It has been a week since the new year has started. After the fireworks and the food during the holidays, we return again to our routine realities. We may have boring things to do again in our jobs and households, new year still marks an exciting point of transition in our lives. We choose interesting changes in many of our usual ways, breaking the monotony we have always followed. Some of us stick to fulfilling a popular tradition – listing down our new year’s resolution, formalizing the ritual of living out our new decisions. And we embody Janus, the double-headed Roman god of beginnings as symbol not just for this month but of facing our doors with faces of certainty and uncertainty as we step onto the next side of our renewed timeline.
New year is always a significant celebration of new beginnings. There is so much to start with. From new ideas to new ventures, we are given so much opportunity to recreate our lives in fresher ways. We give birth to our new selves, searching and finding our sacred paths, rearing our hearts into growth, and taking a bold step to begin a new journey. New year holds a time-oriented beginning, yet as months pass we continue to prepare ourselves as we anticipate the rituals of beginning among us, our families and friends. Traveling, new career, wedding and pregnancy are some of our joyous and perhaps equally painful moments which all become part of the rituals of our life transformations.
Few of us associate new year with endings. Endings are abhorred for they picture bleak moments such as death, farewell and loss. We anxiously ignore the endings in favor of beginnings, which is more favorable and understandably positive. We consider them as unsolvable problems, built within the very destiny of humanity. We are fated and doomed by how we and the people we love may die one day. We are saddened by goodbyes from our old friends and old worlds. We are devastated by losing the possessions and power we have acquired through sweat and blood. Nobody wants to meet the end. It is always a dreaded taboo in celebrating a moment of beginnings.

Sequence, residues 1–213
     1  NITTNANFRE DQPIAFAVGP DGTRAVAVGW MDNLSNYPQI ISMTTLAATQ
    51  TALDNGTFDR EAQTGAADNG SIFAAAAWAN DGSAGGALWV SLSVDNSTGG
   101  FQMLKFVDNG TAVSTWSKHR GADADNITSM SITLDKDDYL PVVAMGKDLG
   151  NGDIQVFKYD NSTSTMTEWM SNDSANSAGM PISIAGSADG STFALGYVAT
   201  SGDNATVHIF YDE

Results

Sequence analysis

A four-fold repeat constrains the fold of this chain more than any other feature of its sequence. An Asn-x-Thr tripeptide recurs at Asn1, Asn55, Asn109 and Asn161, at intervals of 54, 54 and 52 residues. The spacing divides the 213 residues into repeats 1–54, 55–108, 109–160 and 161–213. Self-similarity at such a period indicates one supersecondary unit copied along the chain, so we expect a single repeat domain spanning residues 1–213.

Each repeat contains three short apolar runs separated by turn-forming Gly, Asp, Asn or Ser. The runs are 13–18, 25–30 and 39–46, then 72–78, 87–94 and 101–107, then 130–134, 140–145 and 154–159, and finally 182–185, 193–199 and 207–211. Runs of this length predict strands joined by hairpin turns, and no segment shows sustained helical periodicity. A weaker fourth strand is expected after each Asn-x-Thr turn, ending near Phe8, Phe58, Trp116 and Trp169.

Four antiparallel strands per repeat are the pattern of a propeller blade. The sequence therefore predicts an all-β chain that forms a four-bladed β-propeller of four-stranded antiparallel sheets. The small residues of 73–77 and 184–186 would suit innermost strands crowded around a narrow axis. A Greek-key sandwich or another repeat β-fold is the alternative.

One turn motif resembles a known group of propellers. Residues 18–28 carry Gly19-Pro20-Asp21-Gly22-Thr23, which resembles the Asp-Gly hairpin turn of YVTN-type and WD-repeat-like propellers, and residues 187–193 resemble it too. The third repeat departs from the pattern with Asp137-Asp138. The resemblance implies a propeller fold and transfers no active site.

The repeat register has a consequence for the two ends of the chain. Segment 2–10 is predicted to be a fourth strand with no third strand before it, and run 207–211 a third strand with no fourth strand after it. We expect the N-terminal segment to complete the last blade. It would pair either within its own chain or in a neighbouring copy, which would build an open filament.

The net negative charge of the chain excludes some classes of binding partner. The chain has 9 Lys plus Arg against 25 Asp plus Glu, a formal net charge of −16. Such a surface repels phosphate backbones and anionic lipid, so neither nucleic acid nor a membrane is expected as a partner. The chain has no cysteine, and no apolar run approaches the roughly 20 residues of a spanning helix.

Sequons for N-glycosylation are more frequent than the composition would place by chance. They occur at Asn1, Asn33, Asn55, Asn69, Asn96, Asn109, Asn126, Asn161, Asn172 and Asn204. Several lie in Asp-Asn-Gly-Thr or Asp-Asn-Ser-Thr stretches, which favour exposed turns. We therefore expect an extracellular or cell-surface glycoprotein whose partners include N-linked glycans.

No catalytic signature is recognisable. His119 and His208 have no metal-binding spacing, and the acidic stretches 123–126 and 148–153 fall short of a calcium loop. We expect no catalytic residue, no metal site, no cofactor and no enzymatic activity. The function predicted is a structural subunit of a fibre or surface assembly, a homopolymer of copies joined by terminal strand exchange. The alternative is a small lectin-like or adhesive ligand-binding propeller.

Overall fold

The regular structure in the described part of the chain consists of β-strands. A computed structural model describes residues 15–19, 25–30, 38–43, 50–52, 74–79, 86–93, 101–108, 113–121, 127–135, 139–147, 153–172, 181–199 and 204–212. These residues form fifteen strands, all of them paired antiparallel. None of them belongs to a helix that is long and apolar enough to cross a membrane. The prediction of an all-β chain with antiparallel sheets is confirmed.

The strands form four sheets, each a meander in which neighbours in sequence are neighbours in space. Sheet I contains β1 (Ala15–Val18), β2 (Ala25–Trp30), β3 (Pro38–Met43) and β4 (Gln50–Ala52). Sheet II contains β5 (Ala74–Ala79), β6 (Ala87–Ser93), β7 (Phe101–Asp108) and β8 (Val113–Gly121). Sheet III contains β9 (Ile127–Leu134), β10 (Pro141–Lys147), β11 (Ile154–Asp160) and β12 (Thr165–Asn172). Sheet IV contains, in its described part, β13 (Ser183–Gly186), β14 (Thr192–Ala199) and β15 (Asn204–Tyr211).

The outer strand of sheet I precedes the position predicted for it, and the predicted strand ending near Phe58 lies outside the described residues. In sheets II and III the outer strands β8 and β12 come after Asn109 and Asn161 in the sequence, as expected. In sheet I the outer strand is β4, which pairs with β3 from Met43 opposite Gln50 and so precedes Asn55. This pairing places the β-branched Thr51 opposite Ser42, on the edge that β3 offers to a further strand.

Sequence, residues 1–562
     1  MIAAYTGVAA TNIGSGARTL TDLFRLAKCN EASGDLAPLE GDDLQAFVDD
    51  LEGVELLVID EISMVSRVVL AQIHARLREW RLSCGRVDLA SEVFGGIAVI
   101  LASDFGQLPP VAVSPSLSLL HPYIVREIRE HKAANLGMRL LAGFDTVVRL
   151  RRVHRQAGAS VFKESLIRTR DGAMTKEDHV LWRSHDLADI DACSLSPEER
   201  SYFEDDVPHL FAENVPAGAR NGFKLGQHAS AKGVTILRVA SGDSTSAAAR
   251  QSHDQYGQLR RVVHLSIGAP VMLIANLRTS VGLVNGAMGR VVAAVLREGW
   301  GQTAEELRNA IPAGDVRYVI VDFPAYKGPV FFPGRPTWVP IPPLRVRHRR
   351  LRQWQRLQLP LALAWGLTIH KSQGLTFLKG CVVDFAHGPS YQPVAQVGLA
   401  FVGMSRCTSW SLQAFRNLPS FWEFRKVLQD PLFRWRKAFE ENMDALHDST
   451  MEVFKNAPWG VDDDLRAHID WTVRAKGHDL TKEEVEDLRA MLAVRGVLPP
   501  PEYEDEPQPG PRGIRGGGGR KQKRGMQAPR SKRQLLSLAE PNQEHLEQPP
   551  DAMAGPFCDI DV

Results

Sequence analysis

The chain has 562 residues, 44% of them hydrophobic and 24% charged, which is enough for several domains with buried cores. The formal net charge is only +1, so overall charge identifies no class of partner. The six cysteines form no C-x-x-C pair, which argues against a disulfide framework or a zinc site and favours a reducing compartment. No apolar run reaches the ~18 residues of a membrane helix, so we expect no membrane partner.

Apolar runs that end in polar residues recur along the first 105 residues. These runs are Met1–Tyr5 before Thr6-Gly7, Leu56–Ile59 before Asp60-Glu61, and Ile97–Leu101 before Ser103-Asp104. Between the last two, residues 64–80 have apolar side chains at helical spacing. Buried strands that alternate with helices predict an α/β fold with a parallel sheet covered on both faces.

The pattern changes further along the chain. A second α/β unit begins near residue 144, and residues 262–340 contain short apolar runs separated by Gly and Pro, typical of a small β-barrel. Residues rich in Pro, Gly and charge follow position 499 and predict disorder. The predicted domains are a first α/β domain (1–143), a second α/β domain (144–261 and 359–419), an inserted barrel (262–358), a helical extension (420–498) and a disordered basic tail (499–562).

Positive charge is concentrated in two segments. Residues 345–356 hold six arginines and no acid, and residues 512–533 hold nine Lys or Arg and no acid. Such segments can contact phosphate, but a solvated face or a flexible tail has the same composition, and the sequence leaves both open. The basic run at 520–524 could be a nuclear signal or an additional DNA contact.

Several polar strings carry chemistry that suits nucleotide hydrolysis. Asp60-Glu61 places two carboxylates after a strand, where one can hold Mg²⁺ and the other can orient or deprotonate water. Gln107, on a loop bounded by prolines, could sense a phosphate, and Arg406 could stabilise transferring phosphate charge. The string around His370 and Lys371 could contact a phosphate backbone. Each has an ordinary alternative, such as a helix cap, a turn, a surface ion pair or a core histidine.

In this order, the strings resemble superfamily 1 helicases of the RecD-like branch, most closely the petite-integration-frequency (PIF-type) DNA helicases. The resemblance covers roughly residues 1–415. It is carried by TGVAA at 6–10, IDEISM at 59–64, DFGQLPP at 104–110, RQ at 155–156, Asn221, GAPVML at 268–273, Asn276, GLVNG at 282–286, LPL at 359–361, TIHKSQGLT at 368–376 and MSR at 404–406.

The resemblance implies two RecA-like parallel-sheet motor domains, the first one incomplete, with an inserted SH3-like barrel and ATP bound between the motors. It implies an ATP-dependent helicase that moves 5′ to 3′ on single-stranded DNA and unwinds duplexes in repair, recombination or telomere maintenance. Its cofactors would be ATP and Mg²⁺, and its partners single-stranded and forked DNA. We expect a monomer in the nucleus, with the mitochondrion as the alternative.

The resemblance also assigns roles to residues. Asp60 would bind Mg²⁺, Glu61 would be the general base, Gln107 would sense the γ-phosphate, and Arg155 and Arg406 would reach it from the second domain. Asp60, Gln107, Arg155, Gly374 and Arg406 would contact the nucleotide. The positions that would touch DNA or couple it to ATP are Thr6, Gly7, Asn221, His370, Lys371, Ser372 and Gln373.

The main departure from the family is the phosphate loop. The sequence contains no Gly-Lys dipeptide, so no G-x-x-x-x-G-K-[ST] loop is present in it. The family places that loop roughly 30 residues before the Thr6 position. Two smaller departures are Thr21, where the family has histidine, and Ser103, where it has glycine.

We need to end the life of meaninglessness so as to begin finding a life of meaning.
The irony bites us, since this year 2012 is the beginning of waiting for the end of the world. Images of apocalyptic and dystopian world are looming ahead and doomsday sayers announce them with their own vehement claim of accuracy. Films, stories, religious teachings and even scientific research have tried to depict and explain the possibilities of how the world ends, and we are warned to better get ready in ways we can. We have lost in this illusory portrait of our future. We are driven with more fear than excitement of radical change. The end is too terrifying thing to wait for.
But I feel that as we face our new beginnings, we must begin facing our new endings. Not the endings that scare us, but the subtle endings of our life. We begin gratitude as we end sulking about the inequities of life. We begin peace as we end being at war with ourselves. We begin friendship as we end enmity with others. We begin growth as we end holding on to our weaknesses and past misgivings. We begin life as we end death of apathy towards our existence. What could be wrong with endings, if we only see them in such optimistic paradox? Endings ring us moment to moment, telling us to recognize our true beginnings.
Our dear teacher Regina Dee frequently hears people fearfully asking her the same question: “Will the world really end sooner?” And she would always reply, with a glee in her eyes, “Yes, thank God! Definitely, the world really ends…the old world of greed and anger ends. A new world of peace and Love begins.” I believe this is more than just a positive answer to quell anyone’s anxiety. It is a wise answer from a soul who understands the wisdom of new endings. This is the wisdom that enables us to see a butterfly being born from a dying caterpillar. Endings signal beginnings.
This new year 2012 might be the most remarkable year of the millennium. This is the year that challenges us not to start working out our new year’s resolutions, but to return to the loose ends of our deepest intentions. We do not really intend to change our old habits and neither do we intend to develop new ones. These are just surfaces of what our hearts are up to, small actions to make up with the busy lifestyles we have chosen. At the end of each year, we have always wanted greater transformation, something that encapsulates our true meaning and purpose. To survive is not enough reason to live. We need to end the life of meaninglessness so as to begin a life of meaning.
Happy 2012 to all!